It’s been a year since national recommendations issued by the American Cancer Society and the U.S. Multi-Society Task Force called for colorectal cancer (CRC) screening to be lowered to include individuals ages 45 to 49 at average risk for the disease. In an editorial in the journal Clinical Gastroenterology and Hepatology, Regenstrief Institute Research Scientist Thomas Imperiale, M.D., issues a clarion call for individuals, clinicians and healthcare systems to be good stewards of available colonoscopy resources and encourages average risk members of this age group to consider non-invasive screening alternatives.
“The importance of colorectal cancer screening cannot be overstated,” said Dr. Imperiale, a highly respected researcher and practicing gastroenterologist. “But we should tailor screening to the individual — not every 45-to-49-year-old requires colonoscopy for screening. At home, annual FIT [fecal immunochemical test] testing, which looks for blood in the stool and is inexpensive, or stool multi-target DNA and blood testing every three years, are efficient ways to screen those at the low-risk end of the average risk population, which is where most 45-to-49-year-olds fall. Using FIT and stool DNA tests doesn’t simply benefit the individual, it benefits others who need more invasive screening resources. There are only so many colonoscopies that can be performed well in this country every year.”
Roughly seven or eight out of 10 individuals who fall within the range of those for whom colorectal cancer screening is recommended by national guidelines are considered to be at average risk of the disease.
“It’s still too early to know who, in this younger age range, is getting screened. Is it the lower-risk end of average risk individuals who exercise regularly, have a healthful diet — by eating fruits, vegetables and grains and limiting consumption of red meat — and see screening as another personal health responsibility, or is it those at higher risk who smoke or have diabetes or are overweight?,” queries Dr. Imperiale. “It could well be that a larger number of younger individuals will get screened if we encourage non-invasive, easy-to-use home screening tests rather than colonoscopy for “average-risk” asymptomatic individuals until they get to age 50 or perhaps age 55.”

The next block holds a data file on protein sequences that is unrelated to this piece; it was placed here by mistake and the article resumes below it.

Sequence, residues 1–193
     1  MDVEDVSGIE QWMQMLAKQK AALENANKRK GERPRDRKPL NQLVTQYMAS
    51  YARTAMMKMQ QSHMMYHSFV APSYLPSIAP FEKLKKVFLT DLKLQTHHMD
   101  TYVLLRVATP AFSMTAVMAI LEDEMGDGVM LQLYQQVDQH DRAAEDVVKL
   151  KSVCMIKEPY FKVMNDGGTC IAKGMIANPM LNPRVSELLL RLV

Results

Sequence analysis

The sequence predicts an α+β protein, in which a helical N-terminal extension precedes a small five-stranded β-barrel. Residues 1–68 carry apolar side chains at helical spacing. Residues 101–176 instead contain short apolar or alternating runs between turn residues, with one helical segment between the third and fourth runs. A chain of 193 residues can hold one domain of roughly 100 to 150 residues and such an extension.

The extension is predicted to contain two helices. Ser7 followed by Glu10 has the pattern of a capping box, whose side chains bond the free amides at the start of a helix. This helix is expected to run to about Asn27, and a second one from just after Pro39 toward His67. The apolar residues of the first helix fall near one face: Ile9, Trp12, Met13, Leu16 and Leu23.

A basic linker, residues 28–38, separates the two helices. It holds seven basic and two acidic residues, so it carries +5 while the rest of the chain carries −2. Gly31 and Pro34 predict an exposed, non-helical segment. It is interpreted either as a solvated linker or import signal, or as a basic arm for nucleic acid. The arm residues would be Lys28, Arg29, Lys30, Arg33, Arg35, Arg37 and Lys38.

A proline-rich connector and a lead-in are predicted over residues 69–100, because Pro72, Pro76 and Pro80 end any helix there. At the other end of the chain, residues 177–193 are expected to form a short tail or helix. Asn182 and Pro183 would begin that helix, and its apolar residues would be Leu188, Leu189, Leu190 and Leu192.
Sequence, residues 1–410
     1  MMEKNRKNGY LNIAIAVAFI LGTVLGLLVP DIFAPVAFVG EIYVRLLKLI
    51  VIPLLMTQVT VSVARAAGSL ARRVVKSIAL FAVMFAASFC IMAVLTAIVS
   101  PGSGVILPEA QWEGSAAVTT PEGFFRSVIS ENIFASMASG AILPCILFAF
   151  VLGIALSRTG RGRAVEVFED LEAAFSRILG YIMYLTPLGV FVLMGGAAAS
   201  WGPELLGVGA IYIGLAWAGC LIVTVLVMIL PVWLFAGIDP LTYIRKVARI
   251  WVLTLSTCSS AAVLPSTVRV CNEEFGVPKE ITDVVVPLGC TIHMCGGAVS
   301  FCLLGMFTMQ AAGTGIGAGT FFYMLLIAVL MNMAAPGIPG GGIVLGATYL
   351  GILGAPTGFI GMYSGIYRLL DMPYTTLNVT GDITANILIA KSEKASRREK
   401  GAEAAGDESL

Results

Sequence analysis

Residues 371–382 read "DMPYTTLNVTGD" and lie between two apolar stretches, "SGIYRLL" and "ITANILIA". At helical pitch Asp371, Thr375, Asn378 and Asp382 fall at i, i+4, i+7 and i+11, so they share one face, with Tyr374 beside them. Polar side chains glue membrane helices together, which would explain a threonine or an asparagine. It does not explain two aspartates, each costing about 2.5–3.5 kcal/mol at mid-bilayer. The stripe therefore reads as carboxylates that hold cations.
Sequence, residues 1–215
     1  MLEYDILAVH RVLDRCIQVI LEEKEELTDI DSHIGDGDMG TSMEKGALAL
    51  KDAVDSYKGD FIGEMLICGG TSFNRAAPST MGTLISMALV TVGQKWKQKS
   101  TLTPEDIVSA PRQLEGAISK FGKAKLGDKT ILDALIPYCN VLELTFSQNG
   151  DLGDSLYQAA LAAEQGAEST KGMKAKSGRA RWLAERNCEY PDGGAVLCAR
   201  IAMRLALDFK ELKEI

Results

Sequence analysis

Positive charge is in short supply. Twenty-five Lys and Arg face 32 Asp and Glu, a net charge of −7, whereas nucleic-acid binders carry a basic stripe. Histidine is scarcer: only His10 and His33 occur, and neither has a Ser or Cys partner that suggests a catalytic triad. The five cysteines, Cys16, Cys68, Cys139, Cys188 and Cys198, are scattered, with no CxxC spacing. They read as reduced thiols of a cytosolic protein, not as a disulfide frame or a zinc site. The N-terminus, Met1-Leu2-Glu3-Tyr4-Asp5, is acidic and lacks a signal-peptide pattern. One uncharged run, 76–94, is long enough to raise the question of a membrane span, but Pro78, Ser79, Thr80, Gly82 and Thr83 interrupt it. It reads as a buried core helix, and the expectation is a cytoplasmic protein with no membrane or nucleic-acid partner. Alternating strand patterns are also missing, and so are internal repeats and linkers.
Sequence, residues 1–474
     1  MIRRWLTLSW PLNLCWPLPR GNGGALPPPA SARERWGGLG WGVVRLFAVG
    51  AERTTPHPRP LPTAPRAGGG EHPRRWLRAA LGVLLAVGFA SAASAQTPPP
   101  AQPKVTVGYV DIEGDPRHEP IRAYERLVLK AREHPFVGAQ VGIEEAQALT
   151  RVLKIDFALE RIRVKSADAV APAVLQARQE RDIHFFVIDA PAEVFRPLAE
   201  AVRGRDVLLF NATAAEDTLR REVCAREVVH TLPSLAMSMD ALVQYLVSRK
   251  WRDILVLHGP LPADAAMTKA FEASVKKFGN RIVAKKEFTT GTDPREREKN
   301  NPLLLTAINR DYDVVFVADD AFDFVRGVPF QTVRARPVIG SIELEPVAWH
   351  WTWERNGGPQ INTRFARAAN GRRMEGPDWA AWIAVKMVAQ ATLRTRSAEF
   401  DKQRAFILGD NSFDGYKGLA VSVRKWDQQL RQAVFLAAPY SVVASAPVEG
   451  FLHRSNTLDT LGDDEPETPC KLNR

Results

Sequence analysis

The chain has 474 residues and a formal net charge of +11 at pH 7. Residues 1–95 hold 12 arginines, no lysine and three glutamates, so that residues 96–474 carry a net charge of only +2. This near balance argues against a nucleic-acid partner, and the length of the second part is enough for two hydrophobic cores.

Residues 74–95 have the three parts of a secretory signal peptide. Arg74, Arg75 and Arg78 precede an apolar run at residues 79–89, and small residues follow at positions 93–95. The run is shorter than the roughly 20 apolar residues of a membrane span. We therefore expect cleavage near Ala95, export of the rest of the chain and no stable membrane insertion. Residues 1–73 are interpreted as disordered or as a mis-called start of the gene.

The editorial, “Uptake of Colorectal Cancer Screening Colonoscopy in 45-to-49-year-olds: An Early-Inning View from the Endoscopy Suite,” notes that lowering the age at which to commence average-risk colorectal cancer screening by five years (from 50 to 45) has increased the number of people in the U.S. requiring screening by approximately 20 million. Dr. Imperiale supports a “hybrid” strategy of non-invasive screening for younger individuals at average risk followed by colonoscopy screening for older individuals at average risk.
Thomas F. Imperiale, M.D.
In addition to his role as a research scientist at Regenstrief Institute, Thomas F. Imperiale, M.D., is a core investigator for the U.S. Department of Veterans Affairs Health Services Research and Development Center for Health Information and Communication, Richard L. Roudebush VA Medical Center. He is an Indiana University Distinguished Professor and the Lawrence Lumeng Professor of Gastroenterology and Hepatology at Indiana University School of Medicine and a member of the Indiana University Melvin and Bren Simon Comprehensive Cancer Center.
About Regenstrief Institute
Founded in 1969 in Indianapolis, the Regenstrief Institute is a local, national and global leader dedicated to a world where better information empowers people to end disease and realize true health. A key research partner to Indiana University, Regenstrief and its research scientists are responsible for a growing number of major healthcare innovations and studies. Examples range from the development of global health information technology standards that enable the use and interoperability of electronic health records to improving patient-physician communications, to creating models of care that inform practice and improve the lives of patients around the globe.
Sam Regenstrief, a nationally successful entrepreneur from Connersville, Indiana, founded the institute with the goal of making healthcare more efficient and accessible for everyone. His vision continues to guide the institute’s research mission.
About IU School of Medicine
IU School of Medicine is the largest medical school in the U.S. and is annually ranked among the top medical schools in the nation by U.S. News & World Report. The school offers high-quality medical education, access to leading medical research and rich campus life in nine Indiana cities, including rural and urban locations consistently recognized for livability.